# Thread: Convergence in probability

1. ## Convergence in probability

I guess, it's tough one. I think I should use strong law of large numbers, but I don't know how.
Random variables $X_{1},X_{2},...$ are independent and $X_{k}$ with gaussian distribution $N(k^{1/2},k)$ k=1,2,..
Prove that following sequence

$\frac{1}{n^{2}}(X_{1}X_{2}+X_{3}X_{4}+...+X_{2n-1}X_{2n})$

is convergent in probability and find the limit.

Thx for any help.

2. Hello,

LLN doesn't suit. Yes intuitively the 1/nē is similar to the 1/n in the LLN. But here we're looking for the convergence in probability, which appears in the small law of large numbers, a barely used theorem.
That's why I think that it isn't the LLN we need here.

After wandering, I'm thinking of using Chebychev's & Jensen's inequalities. The problem is that nowhere will I use the fact that it's a normal distribution... If you added the normal distribution by some mistake, please tell

-----------------------------------------

Let $\displaystyle Z=\frac{1}{n^2}\sum_{k=1}^n X_{2k-1}X_{2k}$

Chebychev's inequality can be used because $(X_k)$ is an independent sequence with a finite second moment.

This gives $\displaystyle \forall \epsilon>0,~ P(|Z-E[Z]|\geq \epsilon)\leq \frac{Var[Z]}{\epsilon^2}$

$\displaystyle n^2 E[Z]=\sum_{k=1}^n E[X_{2k-1}]E[X_{2k}]=\sum_{k=1}^n \sqrt{(2k-1)(2k)}$

Jensen's inequality is usually for convex functions, but for concave functions you just have to reverse the inequality !

So since the square root function is concave, we get that $\displaystyle n^2 E[Z]\leq \sqrt{\sum_{k=1}^n 4k^2-2k}$

But we know that the sum the squares of the first n integers $\sim n^3$ when n gets big. So we can say that $E[Z]\leq a_n \sim \frac{1}{\sqrt{n}}$ as n goes to infinity. If you want to prove it properly well you can do the calculations, but I don't think it's necessary.

Hence $E[Z]$ tends to 0 as n tends to infinity.

~~~~~~~~~~~~~~~~~~~~~~

Now let's compute $Var[Z]$

$\displaystyle n^4 Var[Z]=\sum_{k=1}^n Var[X_{2k-1}X_{2k}]$ by independence of the random variables.

For a given k,
\displaystyle \begin{aligned} Var[X_{2k-1}X_{2k}]&=E\left[X_{2k-1}^2 X_{2k}^2\right]-\left[E[X_{2k-1}X_{2k}]\right]^2 \\
&=(2k-1+2k-1)(2k+2k)-(2k-1)(2k) \\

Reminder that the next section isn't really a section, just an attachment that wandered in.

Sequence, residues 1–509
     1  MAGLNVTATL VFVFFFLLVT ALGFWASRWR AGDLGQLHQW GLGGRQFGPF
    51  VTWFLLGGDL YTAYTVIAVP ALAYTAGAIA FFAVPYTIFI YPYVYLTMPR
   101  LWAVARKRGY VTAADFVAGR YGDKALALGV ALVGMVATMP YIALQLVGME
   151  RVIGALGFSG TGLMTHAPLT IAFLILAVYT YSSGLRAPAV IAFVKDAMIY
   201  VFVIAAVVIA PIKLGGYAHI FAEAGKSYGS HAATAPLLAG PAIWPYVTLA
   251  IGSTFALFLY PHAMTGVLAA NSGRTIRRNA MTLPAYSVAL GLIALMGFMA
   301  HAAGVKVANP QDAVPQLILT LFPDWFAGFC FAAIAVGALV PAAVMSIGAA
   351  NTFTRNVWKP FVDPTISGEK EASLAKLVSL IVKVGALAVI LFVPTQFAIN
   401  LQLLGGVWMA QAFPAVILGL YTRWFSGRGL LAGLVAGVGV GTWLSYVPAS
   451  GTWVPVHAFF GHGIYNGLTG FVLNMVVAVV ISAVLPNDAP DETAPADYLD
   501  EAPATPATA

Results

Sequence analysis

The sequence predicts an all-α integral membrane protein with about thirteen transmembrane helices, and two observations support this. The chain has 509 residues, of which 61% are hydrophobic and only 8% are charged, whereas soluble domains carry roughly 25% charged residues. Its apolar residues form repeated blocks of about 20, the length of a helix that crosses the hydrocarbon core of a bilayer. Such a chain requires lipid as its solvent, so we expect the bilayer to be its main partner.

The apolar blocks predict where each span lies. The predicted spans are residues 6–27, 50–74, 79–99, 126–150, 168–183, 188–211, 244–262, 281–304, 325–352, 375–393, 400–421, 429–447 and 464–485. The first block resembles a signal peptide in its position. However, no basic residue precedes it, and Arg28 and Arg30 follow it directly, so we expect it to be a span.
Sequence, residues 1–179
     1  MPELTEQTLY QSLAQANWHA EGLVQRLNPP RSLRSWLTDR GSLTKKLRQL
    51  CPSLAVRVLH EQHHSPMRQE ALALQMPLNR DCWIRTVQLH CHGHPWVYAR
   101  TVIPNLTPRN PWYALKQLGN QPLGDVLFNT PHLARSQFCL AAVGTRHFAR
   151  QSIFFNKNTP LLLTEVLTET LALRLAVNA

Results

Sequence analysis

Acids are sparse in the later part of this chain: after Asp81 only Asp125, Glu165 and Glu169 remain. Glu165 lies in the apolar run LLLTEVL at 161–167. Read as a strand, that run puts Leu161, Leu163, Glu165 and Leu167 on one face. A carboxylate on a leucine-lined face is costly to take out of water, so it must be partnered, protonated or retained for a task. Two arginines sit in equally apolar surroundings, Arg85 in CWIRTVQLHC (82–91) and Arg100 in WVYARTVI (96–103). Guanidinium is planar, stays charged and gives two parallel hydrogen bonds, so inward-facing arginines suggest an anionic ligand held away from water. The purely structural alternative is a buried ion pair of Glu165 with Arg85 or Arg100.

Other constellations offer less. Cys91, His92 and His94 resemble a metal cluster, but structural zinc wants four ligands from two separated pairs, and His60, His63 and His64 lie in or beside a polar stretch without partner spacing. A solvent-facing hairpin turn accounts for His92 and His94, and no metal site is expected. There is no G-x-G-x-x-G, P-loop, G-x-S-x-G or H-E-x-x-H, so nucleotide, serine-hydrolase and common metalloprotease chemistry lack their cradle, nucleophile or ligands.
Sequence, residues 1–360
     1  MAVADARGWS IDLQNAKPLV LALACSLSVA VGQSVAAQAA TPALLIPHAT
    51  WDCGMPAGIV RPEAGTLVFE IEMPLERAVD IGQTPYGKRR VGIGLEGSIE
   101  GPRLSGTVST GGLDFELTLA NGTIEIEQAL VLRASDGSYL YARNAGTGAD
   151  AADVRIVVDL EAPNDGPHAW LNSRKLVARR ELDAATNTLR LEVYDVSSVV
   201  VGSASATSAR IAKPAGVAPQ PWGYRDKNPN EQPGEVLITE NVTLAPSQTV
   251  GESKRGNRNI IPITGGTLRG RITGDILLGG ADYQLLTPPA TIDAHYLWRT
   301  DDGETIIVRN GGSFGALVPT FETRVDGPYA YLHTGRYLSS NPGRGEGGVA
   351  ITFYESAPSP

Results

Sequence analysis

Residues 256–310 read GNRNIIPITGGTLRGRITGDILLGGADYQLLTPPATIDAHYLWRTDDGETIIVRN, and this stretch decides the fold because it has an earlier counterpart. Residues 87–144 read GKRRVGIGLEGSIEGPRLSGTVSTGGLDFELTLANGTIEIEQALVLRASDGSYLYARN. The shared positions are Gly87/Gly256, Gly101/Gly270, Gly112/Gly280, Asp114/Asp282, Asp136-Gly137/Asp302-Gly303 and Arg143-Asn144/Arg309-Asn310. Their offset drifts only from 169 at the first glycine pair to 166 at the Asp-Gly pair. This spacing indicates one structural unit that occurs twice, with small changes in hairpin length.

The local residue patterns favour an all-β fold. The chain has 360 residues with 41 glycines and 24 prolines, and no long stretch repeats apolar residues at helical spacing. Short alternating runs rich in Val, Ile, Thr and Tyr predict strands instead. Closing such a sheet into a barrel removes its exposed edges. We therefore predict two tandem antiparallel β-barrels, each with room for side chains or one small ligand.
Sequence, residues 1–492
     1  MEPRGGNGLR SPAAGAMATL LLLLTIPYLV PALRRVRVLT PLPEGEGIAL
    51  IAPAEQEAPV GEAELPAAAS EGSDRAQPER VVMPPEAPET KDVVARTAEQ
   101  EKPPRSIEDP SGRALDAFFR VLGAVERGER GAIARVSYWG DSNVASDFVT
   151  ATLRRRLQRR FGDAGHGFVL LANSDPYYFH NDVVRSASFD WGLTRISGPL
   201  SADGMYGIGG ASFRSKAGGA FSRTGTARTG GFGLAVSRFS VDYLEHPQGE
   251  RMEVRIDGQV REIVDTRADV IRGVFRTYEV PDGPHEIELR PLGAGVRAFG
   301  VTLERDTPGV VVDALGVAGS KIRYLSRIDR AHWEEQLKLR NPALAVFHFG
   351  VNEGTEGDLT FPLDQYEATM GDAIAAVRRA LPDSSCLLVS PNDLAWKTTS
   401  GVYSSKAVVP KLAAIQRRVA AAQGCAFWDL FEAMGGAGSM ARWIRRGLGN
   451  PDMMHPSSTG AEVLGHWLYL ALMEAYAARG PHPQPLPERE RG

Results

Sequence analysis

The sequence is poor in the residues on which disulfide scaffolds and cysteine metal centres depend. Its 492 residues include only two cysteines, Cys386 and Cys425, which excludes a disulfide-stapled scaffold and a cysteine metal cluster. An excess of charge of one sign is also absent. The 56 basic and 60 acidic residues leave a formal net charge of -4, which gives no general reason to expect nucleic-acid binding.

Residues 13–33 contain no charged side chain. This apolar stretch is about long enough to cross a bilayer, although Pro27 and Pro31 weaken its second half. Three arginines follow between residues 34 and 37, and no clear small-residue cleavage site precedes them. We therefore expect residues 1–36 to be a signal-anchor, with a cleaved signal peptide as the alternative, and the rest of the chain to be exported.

&=3(2k-1)(2k) \end{aligned}

(I'll let you write the missing steps, I'm not here to do the details )

So here again we have an equivalent in $n^3$.

Hence $Var[Z] \sim \frac 1n$ as n goes to infinity.

~~~~~~~~~~~~~~~~~~~~~~

Finally, $\forall \epsilon >0,~ P(|Z-E[Z]|\geq \epsilon) \to 0$ when $n\to\infty$.

We're almost there. Now we have to prove that Z converges to 0 in probability, by noting that $Z=Z-E[Z]+E[Z]$ (and having in mind that $E[Z]\to 0$ a.s. hence in probability)

$\displaystyle \forall \epsilon>0,~P(|Z|\geq \epsilon)\leq P(|Z-E[Z]|+E[Z]\geq \epsilon)$.

- Why ? Because by the triangle inequality, if $|Z|\geq \epsilon$, then $|Z-E[Z]|+E[Z]\geq \epsilon$. Thus $\{\omega~:~ |Z(\omega)|\geq \epsilon\}\subseteq \{\omega~:~|Z(\omega)-E[Z]|+E[Z]\geq \epsilon\}$ and hence the above inequality. -

Since $|Z-E[Z]|$ and $E[Z]$ are both positive, $\{|Z-E[Z]|+E[Z]\geq \epsilon\}\subseteq \{|Z-E[Z]|\geq \epsilon/2\}\cup \{E[Z]\geq \epsilon/2\}$.

Hence \displaystyle \begin{aligned} \forall \epsilon >0,~P(|Z|\geq \epsilon) &\leq P(|Z-E[Z]|+E[Z]\geq \epsilon) \\
&\leq P(\{|Z-E[Z]|\geq \epsilon/2\}\cup \{E[Z]\geq \epsilon/2\}) \\
&\leq P(|Z-E[Z]|\geq \epsilon/2)+P(E[Z]\geq \epsilon/2) \\
&\to 0 \end{aligned}

which proves that Z converges to 0 in probability.........

3. You can probably get almost sure convergence.
I was looking at

$\sum_{k=1}^n{Y_k\over k^2}$

where the Y's are the pair of adjacent normal rvs.
If you can get that sum to coverge a.s., by the three series theorem
then by Kronecker you have

${\sum_{k=1}^nY_k\over n^2}\to 0$

But its messy.... showing that

$\sum_{k=1}^{\infty} P\left( |Y_k|>k^2\right)<\infty$

4. It's impossible to show that for a normal distribution... The result of the problem holds for any distribution (now that I'm sure ) with a finite 2nd moment.
Then for some distribution, one may get the a.s. convergence, but it would be a problem on its own!

5. It's impossible to show that

$\sum_{k=1}^{\infty} P\left( |Y_k|>k^2\right)<\infty$?

That just involves a double integral, the joint density is known.

6. Have you tried the calculations ?

7. I don't want to, as I said they are messy.
One needs to bound the double integral of

$\int\int_{|xy| for that pair of normals.

Using the st deviations and means of $\sqrt{2k}$
But again we don't need to get a precise answer, we only need to obtain bounds
so that the series converge.